The sequester—Washington’s mindless across the board budget cuts—is here. Pentagon leaders have until now taken the easy way out by targeting two pots of money for the biggest hits: modernization and readiness. Modernization is the military’s investment in the future, while readiness pays for a healthy force today. While the automatic cuts are not saving substantial sums of money, if they are going to hit defense spending, they need to hit the right targets. Will President Obama allow that and will the Pentagon meet the challenge?
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President Obama and Congress have delayed sequestration by two months, but only by actually stopping defense sequestration will the United States avoid being thrown off the strategic cliff.
As commander-in-chief, President Obama has the prerogative to define U.S. defense strategy downward. But he does not have the prerogative to define defense facts. And he certainly should not hide behind the Joint Chiefs of Staff when he does so.
The Obama administration's recent report on how it would slash nearly $500 billion more from national defense over the next decade leaves lawmakers, the military, the defense industry, and the American public largely in the dark about the consequences of these massive spending cuts.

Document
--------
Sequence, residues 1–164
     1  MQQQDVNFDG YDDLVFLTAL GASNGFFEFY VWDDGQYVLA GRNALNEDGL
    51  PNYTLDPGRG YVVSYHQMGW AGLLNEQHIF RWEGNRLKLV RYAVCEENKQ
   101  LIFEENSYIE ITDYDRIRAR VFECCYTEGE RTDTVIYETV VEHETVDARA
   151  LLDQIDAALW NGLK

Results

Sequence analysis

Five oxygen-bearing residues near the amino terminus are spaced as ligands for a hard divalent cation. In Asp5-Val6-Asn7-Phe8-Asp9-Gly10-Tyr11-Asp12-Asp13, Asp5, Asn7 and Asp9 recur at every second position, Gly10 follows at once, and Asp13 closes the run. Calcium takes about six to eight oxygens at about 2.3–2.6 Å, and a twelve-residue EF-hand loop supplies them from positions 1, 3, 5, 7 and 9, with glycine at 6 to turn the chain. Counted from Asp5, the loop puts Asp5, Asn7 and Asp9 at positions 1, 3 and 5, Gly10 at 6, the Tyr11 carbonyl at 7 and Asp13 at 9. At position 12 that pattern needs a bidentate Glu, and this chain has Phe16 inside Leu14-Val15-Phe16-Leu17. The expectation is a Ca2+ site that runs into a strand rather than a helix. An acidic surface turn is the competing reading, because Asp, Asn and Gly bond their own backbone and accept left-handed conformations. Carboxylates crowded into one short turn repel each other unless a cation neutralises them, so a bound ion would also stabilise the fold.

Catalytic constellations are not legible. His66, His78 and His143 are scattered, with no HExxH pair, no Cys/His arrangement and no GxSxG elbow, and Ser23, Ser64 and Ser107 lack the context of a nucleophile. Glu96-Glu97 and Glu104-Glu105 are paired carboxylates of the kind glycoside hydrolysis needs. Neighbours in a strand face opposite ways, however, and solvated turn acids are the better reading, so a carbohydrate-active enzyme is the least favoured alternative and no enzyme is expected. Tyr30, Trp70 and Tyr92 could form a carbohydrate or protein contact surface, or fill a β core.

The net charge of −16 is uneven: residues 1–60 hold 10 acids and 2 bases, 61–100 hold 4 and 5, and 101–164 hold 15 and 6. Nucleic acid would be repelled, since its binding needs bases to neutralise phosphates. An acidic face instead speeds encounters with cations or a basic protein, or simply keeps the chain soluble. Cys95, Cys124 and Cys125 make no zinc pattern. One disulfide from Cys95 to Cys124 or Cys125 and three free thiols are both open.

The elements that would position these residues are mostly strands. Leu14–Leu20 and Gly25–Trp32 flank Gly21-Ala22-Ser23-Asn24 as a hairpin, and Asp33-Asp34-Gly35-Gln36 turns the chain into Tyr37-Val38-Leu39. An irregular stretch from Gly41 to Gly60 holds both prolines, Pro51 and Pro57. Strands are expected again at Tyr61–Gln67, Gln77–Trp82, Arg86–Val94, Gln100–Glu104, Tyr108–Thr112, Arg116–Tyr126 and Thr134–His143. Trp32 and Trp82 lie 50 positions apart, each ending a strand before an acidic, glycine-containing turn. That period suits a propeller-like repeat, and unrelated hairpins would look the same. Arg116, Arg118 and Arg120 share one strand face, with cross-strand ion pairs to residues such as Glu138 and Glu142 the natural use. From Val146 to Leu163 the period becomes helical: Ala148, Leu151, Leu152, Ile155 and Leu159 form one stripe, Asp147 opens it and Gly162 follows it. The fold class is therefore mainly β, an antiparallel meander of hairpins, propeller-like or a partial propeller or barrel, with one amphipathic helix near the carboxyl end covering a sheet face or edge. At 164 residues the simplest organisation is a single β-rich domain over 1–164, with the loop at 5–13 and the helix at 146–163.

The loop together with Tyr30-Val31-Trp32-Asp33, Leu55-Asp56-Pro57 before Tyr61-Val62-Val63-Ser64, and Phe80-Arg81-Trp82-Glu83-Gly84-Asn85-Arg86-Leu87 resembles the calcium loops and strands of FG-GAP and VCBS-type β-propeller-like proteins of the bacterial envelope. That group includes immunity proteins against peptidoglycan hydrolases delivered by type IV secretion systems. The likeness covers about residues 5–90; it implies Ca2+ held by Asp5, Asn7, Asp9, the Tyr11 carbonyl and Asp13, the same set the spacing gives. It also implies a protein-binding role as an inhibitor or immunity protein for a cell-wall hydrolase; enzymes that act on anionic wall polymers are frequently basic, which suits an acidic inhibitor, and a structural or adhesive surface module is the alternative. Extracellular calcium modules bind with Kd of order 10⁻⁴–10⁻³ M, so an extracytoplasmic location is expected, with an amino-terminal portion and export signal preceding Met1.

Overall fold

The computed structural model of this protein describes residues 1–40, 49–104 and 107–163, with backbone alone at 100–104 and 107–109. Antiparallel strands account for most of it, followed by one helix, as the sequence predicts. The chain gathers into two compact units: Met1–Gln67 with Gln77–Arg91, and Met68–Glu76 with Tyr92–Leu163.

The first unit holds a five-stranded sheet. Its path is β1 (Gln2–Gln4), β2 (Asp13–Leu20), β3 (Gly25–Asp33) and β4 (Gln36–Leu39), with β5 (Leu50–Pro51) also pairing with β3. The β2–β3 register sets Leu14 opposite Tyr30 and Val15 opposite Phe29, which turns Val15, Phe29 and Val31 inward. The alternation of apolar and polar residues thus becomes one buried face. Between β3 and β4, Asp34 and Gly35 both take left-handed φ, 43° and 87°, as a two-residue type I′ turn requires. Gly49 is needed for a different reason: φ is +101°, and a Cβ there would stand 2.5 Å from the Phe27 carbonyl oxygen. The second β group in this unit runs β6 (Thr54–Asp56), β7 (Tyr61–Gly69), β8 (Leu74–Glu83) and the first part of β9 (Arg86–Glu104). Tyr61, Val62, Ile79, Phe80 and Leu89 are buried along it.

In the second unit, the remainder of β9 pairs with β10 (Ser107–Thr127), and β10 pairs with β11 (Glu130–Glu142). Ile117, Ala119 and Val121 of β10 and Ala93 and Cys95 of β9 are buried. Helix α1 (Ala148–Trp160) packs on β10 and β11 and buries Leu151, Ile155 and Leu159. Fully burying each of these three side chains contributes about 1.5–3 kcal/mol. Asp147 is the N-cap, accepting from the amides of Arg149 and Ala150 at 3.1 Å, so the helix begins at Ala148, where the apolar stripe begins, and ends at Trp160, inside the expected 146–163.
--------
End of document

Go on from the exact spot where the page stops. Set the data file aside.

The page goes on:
The Defending Defense Coalition brings together the Foreign Policy Initiative, AEI and the Heritage Foundation to promote a sound understanding of the U.S. defense budget and the resource requirements to sustain America’s preeminent global military position.
The question of how best to reduce America’s federal debt and annual budget deficits will remain a contentious issue. Yet surely both Democrats and Republicans can agree that the men and women of the U.S. Armed Forces—and the defense industrial base that provides them the cutting-edge tools they need to keep the country safe—should not be held hostage to politics.